In Expected SARSA, the last step doesn't sample, it is a sum over all possible actions, and the sum is weighted over the target policy, $\pi$, not the behaviour policy, and as a result already gives an estimate from the correct distribution. Therefore, there is no need to correct probabilities from $b$ to $\pi$ because you are already using $\pi$.

* "Correct" from the point of view of bootstrapped Q values, which are themselves biased estimates of value function, but that's not the point here, the Q values are biased estimates of $q_{\pi}(s,a)$ not of $q_{b}(s,a)$

  • $\begingroup$ Thank you for your answer. I intentially said that SARSA samples the same set of actions, while it is straightforward from the algorithm that it samples an extra action to just bootstrap towards the $Q$ value of the next state, but this is at time step $t+n$. The problem with IS-ratio is still there, because those actions at time step $t+n$ are not used for its calculation in both algorithms, the one that is discarded in Expected SARSA is $t+n-1$. And this action is related to generating experience (by definition) in both algorithms, and as I understand should be included in both IS-ratios. $\endgroup$
    – avenir
    Mar 29, 2018 at 8:13
  • $\begingroup$ @monsieur-tout-le-monde: The actions at t+n are used in both algorithms to estimate the value of the action at t+n-1 (from its Bellman equation form related to action at t+n). The substitution with the estimate is why the formulae only sum to t+n-1 then have the additional term (calculated from t+n, but giving value of action at t+n-1). In off-policy SARSA, this estimate will be sampled using $b$. In Expected SARSA, this estimate will be sampled using $\pi$ . . . so Expected SARSA does indeed drop the importance sampling ratio at t+n-1 $\endgroup$ Mar 29, 2018 at 8:49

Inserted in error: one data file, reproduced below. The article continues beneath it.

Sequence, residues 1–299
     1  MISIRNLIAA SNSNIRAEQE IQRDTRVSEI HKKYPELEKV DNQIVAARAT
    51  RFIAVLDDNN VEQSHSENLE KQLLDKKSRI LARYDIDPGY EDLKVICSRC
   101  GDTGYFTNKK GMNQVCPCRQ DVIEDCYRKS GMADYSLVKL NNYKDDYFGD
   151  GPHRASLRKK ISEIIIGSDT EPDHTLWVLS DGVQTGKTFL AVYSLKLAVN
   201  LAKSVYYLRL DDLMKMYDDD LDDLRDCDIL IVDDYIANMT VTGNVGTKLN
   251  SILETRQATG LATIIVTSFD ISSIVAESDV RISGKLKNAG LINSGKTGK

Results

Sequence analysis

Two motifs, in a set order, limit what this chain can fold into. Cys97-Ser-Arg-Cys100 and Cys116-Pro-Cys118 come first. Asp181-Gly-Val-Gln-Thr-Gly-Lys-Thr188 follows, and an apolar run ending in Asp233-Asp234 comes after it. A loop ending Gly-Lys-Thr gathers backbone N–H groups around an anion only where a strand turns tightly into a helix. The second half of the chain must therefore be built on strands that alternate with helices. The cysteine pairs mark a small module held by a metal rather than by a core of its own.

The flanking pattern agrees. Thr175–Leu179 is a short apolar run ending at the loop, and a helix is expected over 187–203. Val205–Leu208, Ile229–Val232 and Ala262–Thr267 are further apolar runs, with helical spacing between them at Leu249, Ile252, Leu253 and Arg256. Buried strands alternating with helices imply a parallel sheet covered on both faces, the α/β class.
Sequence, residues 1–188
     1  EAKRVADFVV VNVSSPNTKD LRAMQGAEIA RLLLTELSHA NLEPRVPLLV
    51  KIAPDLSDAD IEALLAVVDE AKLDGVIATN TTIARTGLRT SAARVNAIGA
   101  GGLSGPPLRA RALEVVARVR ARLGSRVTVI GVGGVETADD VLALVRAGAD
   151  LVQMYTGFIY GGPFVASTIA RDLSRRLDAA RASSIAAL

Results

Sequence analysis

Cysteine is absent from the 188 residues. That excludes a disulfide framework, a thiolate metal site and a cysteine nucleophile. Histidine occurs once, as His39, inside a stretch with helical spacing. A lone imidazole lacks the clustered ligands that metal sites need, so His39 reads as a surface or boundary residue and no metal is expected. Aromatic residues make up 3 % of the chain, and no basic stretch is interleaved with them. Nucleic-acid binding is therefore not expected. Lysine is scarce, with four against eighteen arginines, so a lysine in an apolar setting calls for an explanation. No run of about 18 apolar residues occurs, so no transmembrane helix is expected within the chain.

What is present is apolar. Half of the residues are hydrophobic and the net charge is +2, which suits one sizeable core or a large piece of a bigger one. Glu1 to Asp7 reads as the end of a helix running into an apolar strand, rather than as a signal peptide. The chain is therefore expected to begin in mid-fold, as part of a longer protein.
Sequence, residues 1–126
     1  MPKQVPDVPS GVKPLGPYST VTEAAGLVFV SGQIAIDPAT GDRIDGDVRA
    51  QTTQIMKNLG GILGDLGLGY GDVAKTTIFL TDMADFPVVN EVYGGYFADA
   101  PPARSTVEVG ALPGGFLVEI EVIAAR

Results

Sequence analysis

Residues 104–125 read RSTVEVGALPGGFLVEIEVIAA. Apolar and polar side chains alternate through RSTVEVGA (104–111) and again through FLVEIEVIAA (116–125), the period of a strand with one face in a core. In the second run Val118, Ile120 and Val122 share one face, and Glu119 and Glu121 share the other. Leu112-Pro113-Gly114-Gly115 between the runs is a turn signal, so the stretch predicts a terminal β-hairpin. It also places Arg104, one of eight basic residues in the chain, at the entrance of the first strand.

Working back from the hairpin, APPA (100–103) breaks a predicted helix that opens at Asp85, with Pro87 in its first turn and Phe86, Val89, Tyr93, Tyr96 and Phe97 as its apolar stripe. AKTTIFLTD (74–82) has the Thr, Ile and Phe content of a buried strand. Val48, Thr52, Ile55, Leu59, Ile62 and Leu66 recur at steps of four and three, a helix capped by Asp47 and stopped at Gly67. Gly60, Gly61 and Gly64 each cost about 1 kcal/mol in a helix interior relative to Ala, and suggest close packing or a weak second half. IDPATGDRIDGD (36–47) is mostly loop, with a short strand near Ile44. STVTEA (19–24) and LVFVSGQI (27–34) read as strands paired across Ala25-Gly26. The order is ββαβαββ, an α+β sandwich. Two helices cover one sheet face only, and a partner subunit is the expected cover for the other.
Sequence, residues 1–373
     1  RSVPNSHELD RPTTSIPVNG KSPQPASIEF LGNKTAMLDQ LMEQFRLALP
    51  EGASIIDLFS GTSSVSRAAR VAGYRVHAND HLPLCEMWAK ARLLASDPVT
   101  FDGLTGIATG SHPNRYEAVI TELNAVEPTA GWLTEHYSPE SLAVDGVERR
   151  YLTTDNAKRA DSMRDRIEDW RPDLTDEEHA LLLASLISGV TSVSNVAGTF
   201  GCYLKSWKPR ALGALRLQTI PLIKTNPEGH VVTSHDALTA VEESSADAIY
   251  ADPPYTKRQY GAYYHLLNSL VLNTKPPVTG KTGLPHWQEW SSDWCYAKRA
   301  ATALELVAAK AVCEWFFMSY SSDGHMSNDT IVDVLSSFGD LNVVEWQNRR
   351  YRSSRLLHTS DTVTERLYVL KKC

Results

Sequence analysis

• $\begingroup$ Thank you for taking your time to respond. But I would disagree with your explanation. The easiest way to see where the problem lies is to note that action $A_{t+n-1}$ in both algorithms is sampled from behaviour policy. And the imidiate reward following that action (and that probabilistically conditioned by this action) is used in both algorithms in explicit form in the target, not as an implicit element of estimation $Q(S_{t+n},A_{t+n})$. In one algorithm the experience is corrected for this action, in the other is not. $\endgroup$
    – avenir
    Mar 29, 2018 at 11:35
  • $\begingroup$ Yes the action to score is sampled t+n-1 from behaviour, but the correction to its value (estimate of continuing G to terminal state or forever, discounted) is taken from the succeeding evaluation at t+n. Sorry you disagree with my explanation, but I believe it to be correct, so will leave the answer as-is $\endgroup$ Mar 29, 2018 at 11:47

Your Answer

By clicking “Post Your Answer”, you agree to our terms of service and acknowledge that you have read and understand our privacy policy and code of conduct.

Not the answer you're looking for? Browse other questions tagged or ask your own question.